A US-style child beauty pageant featuring children as young as six months has arrived in Perth, reigniting debate about whether they are a dangerous form of “child abuse” or harmless fun.
Spray tans, fake nails and photos airbrushed so their subjects resemble dolls are welcome — but not mandatory — at this month’s Glitz & Co pageant, where contestants ranging from six months to 38 years old are judged on routines and technique while modelling different outfits.
Fans say pageants are a fun way to build confidence, and liken them to dance competitions, which can involve make-up and elaborate costumes.
Critics say pageants should be banned because they encourage girls to equate their value with their appearance and risk sexualising children.
Director Michaella Evans said the pageant, which is not open to the public, was the first of its kind in WA.
“What we say to a contestant is you do what you’re comfortable doing,” she said.
“It’s not like the girls are on show. The girls are not penalised for wearing less make-up. We have limitations on how short their dresses are.”
The contestant handbook says participants will be judged on their “technique and attire” but not on their “physical appearance”. It also encourages “over the top, blinged costumes and dresses” and says fake tans, fake nails, hairpieces and flippers (fake teeth) are allowed but not required.
Illona Perovic’s 11-year-old daughter Lexi will be one of 22 contestants to take part in Perth. She said pageants had been a positive experience, building Lexi’s confidence and helping her raise money for charity.
“It’s meant to build the girls up, to give them self-worth,” she said. “It’s not all about beauty and that shallow appeal.
“I wanted to make Lexi feel like she was beautiful in her own skin. She’s always loved fashion, she’s always loved modelling.
“It’s totally built her up. We’ve always talked to her about the fact that she doesn’t need make-up to be beautiful, we don’t put an emphasis on winning.”
Prominent Australian adolescent psychologist Michael Carr-Gregg would like to see child beauty pageants banned, likening them to “a form of child abuse”.
“I think it blurs the lines between childhood and adulthood,” he said.
“To me this is premature sexualisation, which is directly correlated to eating disorders, anxiety, depression, and body image issues. While I understand that some parents may see the pageants as extra curricular activities that help develop self-confidence in young people, in my opinion such pageants are likely to cause body dissatisfaction, and the hyper attention and judgment towards children’s physical appearance sends all the wrong messages.”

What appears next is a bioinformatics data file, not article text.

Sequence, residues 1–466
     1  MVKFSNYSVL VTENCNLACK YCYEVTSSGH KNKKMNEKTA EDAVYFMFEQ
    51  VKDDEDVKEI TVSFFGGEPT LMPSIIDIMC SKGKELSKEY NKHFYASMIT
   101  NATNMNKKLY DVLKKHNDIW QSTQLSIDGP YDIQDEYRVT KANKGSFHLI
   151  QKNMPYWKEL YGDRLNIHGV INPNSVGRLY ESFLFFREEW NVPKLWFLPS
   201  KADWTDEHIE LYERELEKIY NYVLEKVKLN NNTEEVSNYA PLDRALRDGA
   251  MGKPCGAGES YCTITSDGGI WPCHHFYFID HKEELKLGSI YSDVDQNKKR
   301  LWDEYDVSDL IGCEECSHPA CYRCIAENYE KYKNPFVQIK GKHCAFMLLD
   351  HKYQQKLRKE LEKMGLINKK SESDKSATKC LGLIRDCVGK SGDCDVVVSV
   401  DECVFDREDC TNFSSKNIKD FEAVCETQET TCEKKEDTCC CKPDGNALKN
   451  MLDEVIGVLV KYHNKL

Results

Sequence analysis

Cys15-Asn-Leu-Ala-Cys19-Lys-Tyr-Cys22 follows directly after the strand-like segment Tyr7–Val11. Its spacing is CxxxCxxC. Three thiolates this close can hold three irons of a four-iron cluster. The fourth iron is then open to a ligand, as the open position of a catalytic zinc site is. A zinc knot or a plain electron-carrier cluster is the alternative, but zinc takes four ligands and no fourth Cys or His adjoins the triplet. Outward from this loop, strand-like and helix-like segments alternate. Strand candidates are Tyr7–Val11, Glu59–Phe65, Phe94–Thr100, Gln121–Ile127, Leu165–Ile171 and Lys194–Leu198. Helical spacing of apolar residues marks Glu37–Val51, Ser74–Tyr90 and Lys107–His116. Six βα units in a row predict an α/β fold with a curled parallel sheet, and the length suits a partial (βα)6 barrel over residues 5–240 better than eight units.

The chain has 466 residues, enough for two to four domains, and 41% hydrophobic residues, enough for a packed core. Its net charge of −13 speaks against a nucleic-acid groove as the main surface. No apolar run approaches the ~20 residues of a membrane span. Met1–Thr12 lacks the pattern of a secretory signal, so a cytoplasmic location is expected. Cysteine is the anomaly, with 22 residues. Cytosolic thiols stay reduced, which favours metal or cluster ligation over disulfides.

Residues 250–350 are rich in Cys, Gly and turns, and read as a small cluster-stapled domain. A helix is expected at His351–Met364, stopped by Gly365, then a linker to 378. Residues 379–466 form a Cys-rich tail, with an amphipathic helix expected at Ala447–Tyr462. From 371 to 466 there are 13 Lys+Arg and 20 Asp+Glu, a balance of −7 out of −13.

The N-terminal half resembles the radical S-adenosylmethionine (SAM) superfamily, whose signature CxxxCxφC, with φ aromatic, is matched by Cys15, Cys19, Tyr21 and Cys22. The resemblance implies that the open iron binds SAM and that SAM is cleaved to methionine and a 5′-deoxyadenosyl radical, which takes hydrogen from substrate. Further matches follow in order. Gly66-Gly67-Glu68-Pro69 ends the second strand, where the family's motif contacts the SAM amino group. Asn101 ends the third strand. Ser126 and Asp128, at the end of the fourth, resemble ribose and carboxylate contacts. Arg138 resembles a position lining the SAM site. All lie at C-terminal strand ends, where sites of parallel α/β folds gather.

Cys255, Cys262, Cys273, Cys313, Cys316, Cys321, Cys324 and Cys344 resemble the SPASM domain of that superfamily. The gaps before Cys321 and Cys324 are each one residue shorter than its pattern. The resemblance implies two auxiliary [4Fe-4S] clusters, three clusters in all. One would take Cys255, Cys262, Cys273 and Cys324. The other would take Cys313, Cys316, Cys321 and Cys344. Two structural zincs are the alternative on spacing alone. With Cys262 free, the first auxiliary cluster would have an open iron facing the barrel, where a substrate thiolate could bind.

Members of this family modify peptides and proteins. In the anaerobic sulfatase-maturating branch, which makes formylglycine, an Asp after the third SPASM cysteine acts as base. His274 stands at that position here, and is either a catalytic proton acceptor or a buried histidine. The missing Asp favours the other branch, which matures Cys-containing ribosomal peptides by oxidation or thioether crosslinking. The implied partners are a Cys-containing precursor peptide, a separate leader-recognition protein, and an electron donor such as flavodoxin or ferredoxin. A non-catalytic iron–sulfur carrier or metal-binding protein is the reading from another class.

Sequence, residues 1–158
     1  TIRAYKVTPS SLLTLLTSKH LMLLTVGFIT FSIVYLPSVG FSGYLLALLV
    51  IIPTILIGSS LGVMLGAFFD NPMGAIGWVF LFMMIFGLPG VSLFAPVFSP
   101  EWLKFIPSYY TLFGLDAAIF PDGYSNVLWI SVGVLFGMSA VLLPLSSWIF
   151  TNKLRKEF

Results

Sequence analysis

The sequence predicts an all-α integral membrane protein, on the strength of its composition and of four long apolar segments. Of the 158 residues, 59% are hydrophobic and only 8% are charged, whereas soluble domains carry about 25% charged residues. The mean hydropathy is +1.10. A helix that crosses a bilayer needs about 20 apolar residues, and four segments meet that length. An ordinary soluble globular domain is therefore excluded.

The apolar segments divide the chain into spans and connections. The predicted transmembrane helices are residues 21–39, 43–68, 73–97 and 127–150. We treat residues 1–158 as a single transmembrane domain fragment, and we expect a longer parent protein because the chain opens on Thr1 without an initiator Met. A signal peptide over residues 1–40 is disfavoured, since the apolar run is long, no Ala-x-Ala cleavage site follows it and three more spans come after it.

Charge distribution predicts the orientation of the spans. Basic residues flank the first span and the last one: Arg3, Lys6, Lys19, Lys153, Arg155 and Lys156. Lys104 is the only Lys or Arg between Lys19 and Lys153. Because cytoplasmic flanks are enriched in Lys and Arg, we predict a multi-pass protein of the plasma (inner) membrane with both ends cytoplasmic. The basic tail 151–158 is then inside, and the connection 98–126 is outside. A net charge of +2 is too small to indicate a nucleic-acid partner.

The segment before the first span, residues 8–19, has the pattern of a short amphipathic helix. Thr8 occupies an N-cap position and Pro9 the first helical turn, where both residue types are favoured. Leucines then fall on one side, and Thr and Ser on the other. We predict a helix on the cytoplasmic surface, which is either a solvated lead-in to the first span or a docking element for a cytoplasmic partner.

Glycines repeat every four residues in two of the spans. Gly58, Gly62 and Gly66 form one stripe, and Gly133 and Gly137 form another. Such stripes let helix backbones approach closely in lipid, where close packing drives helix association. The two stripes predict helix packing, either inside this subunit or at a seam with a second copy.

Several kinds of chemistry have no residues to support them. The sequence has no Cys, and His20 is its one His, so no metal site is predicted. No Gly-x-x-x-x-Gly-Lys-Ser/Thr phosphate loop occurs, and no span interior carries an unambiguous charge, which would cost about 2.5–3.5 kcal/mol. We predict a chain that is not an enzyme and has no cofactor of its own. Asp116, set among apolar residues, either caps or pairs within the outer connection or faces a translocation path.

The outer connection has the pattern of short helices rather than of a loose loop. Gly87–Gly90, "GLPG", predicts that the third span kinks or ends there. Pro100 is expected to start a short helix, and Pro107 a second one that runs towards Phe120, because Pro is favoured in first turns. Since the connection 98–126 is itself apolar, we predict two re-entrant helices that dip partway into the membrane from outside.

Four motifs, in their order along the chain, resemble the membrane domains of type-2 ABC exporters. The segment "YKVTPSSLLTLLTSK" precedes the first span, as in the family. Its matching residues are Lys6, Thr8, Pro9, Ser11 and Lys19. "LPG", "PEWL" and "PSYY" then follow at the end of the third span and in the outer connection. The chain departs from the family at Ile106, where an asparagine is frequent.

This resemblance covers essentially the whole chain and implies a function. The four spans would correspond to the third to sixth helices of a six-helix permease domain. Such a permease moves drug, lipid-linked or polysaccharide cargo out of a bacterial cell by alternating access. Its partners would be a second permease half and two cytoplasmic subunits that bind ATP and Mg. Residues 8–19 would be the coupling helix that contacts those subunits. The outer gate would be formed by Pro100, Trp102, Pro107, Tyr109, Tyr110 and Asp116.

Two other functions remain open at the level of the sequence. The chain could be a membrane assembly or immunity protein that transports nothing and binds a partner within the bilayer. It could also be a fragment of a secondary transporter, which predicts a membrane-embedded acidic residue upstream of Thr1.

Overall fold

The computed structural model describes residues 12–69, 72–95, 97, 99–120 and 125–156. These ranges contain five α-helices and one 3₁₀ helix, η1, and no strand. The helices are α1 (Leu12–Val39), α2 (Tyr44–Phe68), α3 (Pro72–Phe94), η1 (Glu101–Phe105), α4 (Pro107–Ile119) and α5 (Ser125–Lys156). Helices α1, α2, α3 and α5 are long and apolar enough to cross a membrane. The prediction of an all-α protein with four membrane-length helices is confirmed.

His sentiments were echoed by WA Commissioner for Children and Young People Jacqueline McGowan-Jones, who said while some might find the pageants confidence-boosting, negative body image was a huge problem for girls.
“I worry about their mental health, I also worry about what is the reason for the beauty pageant: people are making money out of this,” she said.
“I just don’t think that’s the right message we should be giving young girls, that your looks are what makes you competitive.”
Minister for Youth Simone McGurk said young girls should be told their value was “so much more than their appearance” and beauty pageants undermined that. But she said a ban was not needed.
“There is increasing awareness of the dangers of the sexualisation and exploitation of children through beauty pageants, as distinct from talent contests, and people are right to be concerned,” she said.
“Child beauty pageants aren’t common in Australia, so I don’t see a role for government in regulating them. As a State Government we strongly support young people having access to a range of sporting, recreational, educational and leadership opportunities.”
Child beauty pageants are big business in the US, where the infamous 1996 unsolved murder of contestant JonBenet Ramsay fuelled controversy about them. Her death was never linked to the pageant scene but photos of her in full pageant regalia featured heavily in media coverage. Pageants have also been the subject of Hollywood films like Little Miss Sunshine and an episode of The Simpsons.
More recently, reality TV show Toddlers & Tiaras ran for seven seasons until 2013 and spawned four spin-offs and no shortage of controversy for the use of make-up and provocative costumes and routines.
The last time a high-profile child beauty contest was proposed for Perth in 2011 rallies were held outside Parliament. A 2014 WA parliamentary report into the sexualisation of children recommended examining if there was a case for regulating pageants.
The Glitz & Co pageant includes a formal wear and fun fashion judging component and optional interview questions and photo submissions. The photos can be given what is known as the “glitz” treatment, a form of photoshopping that aims to make contestants resemble dolls and which, Ms Evans concedes, can be confronting to outsiders.
“The girls love it,” she said.